The inhabitants of the remote Rapa Nui island want to build a pyramid of mohais. There are K mohais in the island and each of them has a weight wi and a strength si. The i-th mohai can tolerate a weight no larger than si on his shoulders. What is the maximum height of the pyramid? (PS: there are two options either you subtract the weight of the mohai from his strength, or you don't subtract it).

Wednesday, January 14, 2009

a rant to the academic community

I like to serve conferences as PC member or to review journal papers. Anyway, I keep seeing papers with elegant theoretical solutions and very poor experimental settings. For instance, you can see a new elegant text clustering algorithm tested in an unrealistic environment such as "Let's suppose we take this collection of 4000 articles and cluster them in just 5 clusters, well then my algorithm is better than the state-of-art of about 3% in precision".

Please, do not accept this type of papers. Web reality is different you have hundred thousands or millions or more documents and, certainly, you don't have just 5 clusters. Plus, data is evolving and you may want to consider temporal constrains, as well.

Tuesday, January 13, 2009

Size of the web: how many servers to store the whole web?

Back in 2005 someone said that the web is more than 11.5 billion of pages. Maybe it is a bit larger now.

  • Can you estimate what is the amount of disk storage for storing it?
  • Can you estimate what is the amount of disk storage for storing different snapshots (see thewaybackmachine)

Magy!: how can we monitors most frequent queries?

Magy! receives a huge amount of queries everyday. They don't want to store all of them, since many of the queries are unique (submitted just one time by just one user). Anyway, for caching reason they want to understand what are the queries whose frequency exceed s=0.1%. How do you solve the problem? Remember we don't want to store all the queries.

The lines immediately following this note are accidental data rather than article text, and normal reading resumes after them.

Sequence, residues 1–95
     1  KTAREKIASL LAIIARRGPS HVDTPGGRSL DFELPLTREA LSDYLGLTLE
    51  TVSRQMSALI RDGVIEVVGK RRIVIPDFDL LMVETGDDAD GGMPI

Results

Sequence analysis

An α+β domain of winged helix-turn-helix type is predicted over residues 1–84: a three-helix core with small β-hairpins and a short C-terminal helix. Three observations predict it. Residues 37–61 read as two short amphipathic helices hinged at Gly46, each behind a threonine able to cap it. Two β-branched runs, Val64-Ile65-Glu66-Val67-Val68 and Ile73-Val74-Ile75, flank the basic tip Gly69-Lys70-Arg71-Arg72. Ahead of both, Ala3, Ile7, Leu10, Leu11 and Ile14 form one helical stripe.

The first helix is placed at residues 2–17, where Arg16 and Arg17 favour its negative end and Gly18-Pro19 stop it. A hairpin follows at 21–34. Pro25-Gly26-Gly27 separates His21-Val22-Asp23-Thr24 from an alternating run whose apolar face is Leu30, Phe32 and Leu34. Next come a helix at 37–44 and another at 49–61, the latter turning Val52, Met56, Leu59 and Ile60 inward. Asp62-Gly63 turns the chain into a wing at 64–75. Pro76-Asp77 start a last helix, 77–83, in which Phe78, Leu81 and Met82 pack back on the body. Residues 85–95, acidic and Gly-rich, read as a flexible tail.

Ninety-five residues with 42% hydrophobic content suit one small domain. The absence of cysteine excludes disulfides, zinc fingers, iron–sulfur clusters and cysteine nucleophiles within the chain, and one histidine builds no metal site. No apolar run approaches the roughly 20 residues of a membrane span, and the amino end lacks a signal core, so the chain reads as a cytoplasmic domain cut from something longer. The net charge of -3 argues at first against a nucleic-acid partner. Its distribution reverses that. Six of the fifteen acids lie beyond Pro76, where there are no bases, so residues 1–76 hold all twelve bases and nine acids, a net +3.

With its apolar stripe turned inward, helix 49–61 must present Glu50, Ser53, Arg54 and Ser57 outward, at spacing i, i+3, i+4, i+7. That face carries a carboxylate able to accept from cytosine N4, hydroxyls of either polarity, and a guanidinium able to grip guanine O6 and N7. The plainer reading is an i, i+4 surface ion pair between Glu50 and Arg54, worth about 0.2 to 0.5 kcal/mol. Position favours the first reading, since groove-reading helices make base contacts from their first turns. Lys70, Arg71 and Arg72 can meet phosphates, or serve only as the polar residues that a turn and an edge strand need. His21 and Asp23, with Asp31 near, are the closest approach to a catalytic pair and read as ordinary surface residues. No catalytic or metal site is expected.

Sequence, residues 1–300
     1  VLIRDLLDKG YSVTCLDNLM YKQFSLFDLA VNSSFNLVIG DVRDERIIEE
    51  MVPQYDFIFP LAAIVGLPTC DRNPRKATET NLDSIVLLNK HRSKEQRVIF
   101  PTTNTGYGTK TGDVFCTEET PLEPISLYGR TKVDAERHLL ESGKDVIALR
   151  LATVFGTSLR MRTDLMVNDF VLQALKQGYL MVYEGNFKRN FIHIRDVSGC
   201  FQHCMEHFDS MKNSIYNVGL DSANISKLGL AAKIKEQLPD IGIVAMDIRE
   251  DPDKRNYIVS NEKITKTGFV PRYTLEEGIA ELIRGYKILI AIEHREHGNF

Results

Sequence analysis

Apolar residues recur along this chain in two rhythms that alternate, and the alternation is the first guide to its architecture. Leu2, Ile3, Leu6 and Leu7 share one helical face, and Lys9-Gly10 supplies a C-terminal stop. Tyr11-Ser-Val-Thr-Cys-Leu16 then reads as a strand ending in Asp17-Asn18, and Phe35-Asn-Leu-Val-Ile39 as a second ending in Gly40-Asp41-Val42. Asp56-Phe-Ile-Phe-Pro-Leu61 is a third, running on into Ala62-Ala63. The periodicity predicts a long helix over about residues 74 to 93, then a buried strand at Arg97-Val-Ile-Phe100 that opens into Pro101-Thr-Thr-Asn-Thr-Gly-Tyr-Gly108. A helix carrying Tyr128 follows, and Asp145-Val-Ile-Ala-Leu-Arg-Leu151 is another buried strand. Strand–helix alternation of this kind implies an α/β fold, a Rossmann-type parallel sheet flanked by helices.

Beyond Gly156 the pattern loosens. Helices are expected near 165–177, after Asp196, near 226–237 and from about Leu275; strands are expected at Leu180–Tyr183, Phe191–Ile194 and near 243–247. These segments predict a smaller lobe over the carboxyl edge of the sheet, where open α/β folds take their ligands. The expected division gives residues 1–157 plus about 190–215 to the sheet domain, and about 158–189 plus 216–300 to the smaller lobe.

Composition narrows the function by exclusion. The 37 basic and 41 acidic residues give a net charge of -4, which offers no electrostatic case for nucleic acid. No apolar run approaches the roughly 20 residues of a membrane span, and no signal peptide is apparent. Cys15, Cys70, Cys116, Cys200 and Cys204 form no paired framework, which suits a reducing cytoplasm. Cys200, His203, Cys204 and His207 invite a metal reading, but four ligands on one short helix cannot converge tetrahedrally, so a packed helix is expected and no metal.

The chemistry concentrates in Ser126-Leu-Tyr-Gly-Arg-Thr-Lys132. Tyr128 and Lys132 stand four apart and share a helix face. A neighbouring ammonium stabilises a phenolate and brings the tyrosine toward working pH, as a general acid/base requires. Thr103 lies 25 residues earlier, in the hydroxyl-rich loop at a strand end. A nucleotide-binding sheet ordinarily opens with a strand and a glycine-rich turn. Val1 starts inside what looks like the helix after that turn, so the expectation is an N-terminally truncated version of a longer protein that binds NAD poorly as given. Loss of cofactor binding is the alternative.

Monday, January 12, 2009

Magy!: how many servers for a video search engine?

Magy! is the ultimate search engine. It won all the battles and survived. They have an ultra-social video search engine, which receives 500 new videos per second. Videos are user-contributed.
  • Can estimate what is the disk space needed to store one year of videos?
  • Can you propose a server infrastructure for storing the videos?
  • What about caching.
Yet another back of the envelope computation.

Sunday, January 11, 2009

Random samples and permutations (which terminate)

I am enjoying Jon Bentley's book. And well... I always made the same mistake he made for generating random samples and permutations (see Programming pearls: a sample of brilliance). Floyd's algorithms are pretty and elegant solution to the problem. Here you have a C++, STL implementation.

Saturday, January 10, 2009

Back of the envelope computation: how large should be an hash table?

Jon Bentley's More Programming Pearls: Confessions of a Code has a nice chapter about back of the envelope computations. It is amazing how many people are having difficulties with simple math, while they know about algorithms and design patterns. So here is one simple problem:
  • You have a collection of 50Millions words and you want to hash them into an hash table. How large the hash table should be?